Together but alone: caregiver grief and loss in dementia syndromes
Dementia is defined by loss – loss of specific brain cells due to diseases like Alzheimer’s disease cause changes in a person’s abilities and thinking skills. The losses that accompany dementia produce a form of grief that starts before the person dies and is expressed by family caregivers as loss of relationships, lifestyle, and future plans. Most research exploring grief in dementia has focused on Alzheimer’s dementia (AD) rather than other types of dementia, such as frontotemporal dementia (FTD). FTD is defined by behaviour change, which is known to result in higher levels of caregiver burden. To understand the contribution of grief to caregiver burden, this research aims to look at differences in grief experiences for spousal caregivers of people with AD and FTD. This will form the basis of interventions to support caregivers of people with different types of dementia with the goal of reducing overall caregiver burden.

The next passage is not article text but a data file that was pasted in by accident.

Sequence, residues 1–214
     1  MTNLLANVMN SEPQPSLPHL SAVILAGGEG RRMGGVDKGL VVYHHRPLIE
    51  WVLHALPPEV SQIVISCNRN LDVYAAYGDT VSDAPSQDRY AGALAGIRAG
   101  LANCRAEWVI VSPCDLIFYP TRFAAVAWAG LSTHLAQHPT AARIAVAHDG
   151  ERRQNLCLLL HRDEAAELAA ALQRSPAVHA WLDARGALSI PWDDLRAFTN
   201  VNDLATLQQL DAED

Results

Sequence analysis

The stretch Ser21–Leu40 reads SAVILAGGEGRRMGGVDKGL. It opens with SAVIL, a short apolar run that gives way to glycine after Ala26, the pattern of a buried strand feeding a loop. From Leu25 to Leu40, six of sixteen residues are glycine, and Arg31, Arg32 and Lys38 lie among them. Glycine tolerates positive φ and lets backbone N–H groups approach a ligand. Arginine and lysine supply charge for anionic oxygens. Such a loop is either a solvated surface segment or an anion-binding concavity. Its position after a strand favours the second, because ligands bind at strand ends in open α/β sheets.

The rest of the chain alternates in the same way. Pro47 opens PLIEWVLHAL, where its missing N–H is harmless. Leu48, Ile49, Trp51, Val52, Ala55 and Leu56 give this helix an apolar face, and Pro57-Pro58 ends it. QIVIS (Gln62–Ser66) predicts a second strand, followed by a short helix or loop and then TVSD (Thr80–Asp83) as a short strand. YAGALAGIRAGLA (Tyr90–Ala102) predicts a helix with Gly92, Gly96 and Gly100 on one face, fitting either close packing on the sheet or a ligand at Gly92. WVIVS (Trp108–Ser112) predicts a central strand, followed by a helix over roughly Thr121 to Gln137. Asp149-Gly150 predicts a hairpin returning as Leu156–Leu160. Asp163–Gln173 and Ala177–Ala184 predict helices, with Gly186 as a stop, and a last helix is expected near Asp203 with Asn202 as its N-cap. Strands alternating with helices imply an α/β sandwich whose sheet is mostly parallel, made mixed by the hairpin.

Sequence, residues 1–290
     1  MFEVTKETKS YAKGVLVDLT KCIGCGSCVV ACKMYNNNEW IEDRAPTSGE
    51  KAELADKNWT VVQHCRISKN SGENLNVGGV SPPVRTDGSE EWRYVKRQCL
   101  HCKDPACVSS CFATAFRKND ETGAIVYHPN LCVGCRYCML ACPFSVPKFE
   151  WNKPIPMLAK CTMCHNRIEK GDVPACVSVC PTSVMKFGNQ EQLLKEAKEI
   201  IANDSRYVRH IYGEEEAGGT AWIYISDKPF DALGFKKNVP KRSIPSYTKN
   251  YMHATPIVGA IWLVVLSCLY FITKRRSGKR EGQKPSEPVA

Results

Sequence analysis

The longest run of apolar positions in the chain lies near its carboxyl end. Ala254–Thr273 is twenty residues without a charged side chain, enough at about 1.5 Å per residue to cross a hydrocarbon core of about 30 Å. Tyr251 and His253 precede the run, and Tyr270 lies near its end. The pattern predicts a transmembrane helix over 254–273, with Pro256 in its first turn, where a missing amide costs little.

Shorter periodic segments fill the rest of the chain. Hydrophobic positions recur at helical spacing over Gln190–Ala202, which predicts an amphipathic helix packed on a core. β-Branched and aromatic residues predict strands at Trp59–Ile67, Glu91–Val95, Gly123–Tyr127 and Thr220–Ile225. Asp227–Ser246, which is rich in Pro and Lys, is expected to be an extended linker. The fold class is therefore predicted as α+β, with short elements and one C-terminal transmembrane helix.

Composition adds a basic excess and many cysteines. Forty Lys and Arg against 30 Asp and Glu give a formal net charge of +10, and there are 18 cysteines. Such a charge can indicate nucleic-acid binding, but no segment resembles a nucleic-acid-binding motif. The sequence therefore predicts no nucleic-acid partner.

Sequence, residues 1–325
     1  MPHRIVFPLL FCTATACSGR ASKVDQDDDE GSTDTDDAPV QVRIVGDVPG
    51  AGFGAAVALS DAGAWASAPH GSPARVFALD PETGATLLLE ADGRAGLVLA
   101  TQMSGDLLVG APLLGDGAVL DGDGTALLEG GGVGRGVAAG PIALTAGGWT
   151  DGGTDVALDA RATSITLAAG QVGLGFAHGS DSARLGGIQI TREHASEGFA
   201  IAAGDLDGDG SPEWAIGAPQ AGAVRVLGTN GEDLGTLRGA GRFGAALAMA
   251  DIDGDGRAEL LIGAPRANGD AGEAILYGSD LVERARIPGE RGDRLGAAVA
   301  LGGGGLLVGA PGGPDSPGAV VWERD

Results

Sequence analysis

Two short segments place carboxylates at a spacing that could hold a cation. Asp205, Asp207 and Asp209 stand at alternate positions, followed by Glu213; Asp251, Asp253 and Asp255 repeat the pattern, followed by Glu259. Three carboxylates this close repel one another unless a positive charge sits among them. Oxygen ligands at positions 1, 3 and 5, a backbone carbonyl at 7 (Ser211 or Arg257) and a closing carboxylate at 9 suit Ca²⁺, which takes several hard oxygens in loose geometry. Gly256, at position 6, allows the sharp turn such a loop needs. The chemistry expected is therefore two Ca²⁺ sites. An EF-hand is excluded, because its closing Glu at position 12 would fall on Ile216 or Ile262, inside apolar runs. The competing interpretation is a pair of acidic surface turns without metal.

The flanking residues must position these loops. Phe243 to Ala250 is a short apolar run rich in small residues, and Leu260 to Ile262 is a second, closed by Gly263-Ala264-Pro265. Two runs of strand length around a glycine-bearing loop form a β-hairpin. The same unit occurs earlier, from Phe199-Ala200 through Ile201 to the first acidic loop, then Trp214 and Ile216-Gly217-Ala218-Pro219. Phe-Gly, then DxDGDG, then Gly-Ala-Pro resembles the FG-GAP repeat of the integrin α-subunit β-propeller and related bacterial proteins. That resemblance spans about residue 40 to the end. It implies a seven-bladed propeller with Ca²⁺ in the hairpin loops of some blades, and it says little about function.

Kirrily Rogers is an early career neuropsychologist, working clinically across a number of public hospitals with a primary interest in neurodegenerative disease and the effect this has on the lives of people affected. Her research work on caregiver grief and loss is an extension of her PhD research which focused on spouses’ experience of behavioural-variant frontotemporal dementia prior to diagnosis; this also informs her role as a carer support group facilitator for the Australian Frontotemporal Dementia Association, an affiliate of Dementia Australia.